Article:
Creationist Arguments: Response to Jon Scott

The Hominoid Homepage by Jon Scott appears to have been written partly in response to my own Fossil Hominids pages. Here is my response to Scott and some of the claims in his pages.


As Scott correctly states, Ramapithecus was considered a hominid for a while, before more complete fossils showed it to be very similar to orang-utans. But then he goes on to make some confusing and seemingly contradictory statements, sometimes seeming to agree with the current evolutionary consensus that Ramapithecus was related (and probably ancestral) to modern orang-utans, at other times stating (incorrectly) that it is considered to be ancestral to chimps, gorillas and humans.


Lucy (AL 288-1): Scott claims that Lucy was not capable of bipedality and may have been a knuckle walker. This is totally unsupportable. I know of no scientist who has ever studied Lucy and concluded that she was not bipedal (which is not to deny that she may also have been arboreal). For example, McHenry (1986) points out that the feet, knees, legs and pelvises of australopithecines are strongly adapted to bipedality, while the hands and wrists show no adaptations to knuckle walking or any other form of quadrupedality. (More recently, Richmond and Strait (2000) did find evidence of a trait associated with knucklewalking in Lucy's wrist, but they still believe she was bipedal.)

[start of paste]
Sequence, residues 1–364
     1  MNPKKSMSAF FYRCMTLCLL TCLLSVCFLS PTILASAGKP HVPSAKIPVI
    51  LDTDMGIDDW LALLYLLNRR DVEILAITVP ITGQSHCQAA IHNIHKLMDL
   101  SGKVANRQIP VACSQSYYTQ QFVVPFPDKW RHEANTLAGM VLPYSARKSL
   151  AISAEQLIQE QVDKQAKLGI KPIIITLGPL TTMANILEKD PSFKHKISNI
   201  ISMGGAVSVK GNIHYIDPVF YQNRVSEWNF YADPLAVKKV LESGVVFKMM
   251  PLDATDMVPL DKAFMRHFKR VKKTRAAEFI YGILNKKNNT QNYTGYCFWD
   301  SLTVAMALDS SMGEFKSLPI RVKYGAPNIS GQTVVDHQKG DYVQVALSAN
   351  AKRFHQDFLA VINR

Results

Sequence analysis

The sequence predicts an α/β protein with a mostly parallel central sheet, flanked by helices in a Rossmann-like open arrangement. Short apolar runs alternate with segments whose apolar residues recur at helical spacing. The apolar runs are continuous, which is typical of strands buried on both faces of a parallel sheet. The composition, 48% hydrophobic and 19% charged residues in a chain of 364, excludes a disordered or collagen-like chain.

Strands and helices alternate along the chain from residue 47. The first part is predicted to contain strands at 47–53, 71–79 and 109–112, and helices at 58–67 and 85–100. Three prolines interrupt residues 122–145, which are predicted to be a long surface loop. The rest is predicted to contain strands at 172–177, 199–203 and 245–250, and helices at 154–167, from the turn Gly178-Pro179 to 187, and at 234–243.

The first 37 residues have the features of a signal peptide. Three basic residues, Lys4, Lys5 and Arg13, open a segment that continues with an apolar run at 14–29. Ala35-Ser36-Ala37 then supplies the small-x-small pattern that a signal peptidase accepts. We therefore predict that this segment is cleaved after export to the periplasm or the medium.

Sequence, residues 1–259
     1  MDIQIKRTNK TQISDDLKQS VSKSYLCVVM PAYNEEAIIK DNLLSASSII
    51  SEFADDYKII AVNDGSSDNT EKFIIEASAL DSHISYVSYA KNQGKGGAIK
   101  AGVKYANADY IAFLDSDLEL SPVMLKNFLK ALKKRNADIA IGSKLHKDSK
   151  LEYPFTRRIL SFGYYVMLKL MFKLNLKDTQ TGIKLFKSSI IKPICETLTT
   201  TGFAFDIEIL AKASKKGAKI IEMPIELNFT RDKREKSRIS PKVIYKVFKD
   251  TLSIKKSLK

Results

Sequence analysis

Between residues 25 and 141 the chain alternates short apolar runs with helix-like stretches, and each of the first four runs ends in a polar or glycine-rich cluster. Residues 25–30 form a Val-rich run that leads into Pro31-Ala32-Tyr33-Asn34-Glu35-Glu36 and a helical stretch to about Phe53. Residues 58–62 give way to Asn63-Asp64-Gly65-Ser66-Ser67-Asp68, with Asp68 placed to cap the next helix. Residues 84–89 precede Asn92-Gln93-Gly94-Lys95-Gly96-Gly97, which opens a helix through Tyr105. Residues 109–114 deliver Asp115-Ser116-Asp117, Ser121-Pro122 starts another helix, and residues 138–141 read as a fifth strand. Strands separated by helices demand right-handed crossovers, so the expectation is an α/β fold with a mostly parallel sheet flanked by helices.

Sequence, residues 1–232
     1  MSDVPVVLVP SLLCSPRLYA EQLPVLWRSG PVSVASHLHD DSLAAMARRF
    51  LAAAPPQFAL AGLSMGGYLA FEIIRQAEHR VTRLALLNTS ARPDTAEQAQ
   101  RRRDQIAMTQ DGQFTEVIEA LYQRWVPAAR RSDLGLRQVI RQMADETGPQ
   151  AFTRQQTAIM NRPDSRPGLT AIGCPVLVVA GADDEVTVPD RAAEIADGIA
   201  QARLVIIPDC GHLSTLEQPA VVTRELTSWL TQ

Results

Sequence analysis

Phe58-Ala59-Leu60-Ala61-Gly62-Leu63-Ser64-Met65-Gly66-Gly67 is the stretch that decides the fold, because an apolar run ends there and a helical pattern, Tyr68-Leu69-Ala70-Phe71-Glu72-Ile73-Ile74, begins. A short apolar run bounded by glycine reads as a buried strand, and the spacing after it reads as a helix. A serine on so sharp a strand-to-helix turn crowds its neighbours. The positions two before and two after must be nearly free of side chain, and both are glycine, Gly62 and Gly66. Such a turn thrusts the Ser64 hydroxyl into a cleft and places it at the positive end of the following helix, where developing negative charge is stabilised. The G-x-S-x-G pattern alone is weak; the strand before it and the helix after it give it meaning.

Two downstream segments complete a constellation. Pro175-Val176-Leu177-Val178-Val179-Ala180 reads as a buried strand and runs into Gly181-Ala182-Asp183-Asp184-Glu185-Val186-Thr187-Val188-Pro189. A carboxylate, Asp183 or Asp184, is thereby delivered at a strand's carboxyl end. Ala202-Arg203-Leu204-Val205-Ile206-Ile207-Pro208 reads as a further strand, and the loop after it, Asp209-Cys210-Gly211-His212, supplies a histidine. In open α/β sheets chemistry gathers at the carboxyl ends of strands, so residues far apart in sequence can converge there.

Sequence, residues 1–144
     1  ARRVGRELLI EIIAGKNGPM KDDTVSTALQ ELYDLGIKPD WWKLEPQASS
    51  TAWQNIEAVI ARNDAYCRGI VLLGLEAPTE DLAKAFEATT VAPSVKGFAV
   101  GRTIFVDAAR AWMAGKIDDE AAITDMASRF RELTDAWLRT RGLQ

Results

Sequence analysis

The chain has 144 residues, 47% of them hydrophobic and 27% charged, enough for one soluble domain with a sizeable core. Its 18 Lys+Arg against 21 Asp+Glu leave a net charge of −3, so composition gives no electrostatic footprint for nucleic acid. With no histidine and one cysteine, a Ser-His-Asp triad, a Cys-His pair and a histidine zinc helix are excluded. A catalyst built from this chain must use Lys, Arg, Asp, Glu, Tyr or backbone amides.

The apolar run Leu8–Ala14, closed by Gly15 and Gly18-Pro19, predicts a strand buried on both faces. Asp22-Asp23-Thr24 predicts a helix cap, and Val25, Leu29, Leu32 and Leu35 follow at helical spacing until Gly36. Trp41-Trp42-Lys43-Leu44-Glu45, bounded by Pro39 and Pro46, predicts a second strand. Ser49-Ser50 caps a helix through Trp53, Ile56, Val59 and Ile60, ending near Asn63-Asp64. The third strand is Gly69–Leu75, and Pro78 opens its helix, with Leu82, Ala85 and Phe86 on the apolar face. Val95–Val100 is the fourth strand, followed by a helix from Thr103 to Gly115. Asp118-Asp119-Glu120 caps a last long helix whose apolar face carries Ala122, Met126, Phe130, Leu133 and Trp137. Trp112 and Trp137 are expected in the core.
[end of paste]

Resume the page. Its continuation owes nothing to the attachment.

Scott's only evidence for non-bipedality is that "They lacked the stabalizing tubercles in their heels necessary for long-term erect posture" (Howells 1993). However to claim this shows that Lucy was not bipedal badly misrepresents Howells, who is emphatic that Lucy was most definitely bipedal:

"The Afar hominids were unquestionably erect: their pelves, spines, and knees show it."

"In any case, the Laetoli-Afar creatures were clearly erect-walking australopithecines." (Howells 1993)

I would like to know why Scott (who I would bet does not even know what "stabilizing tubercles" are) thinks they are necessary for erect posture, when his source (who does know what they are) clearly disagrees.

Sts 14: Scott claims the bones of Sts 14 show it to have been a knuckle walker. How was this determined from a pelvis, femur, ribs and vertebrae, especially in light of the fact that scientists overwhelmingly find them to be convincing evidence of bipedality?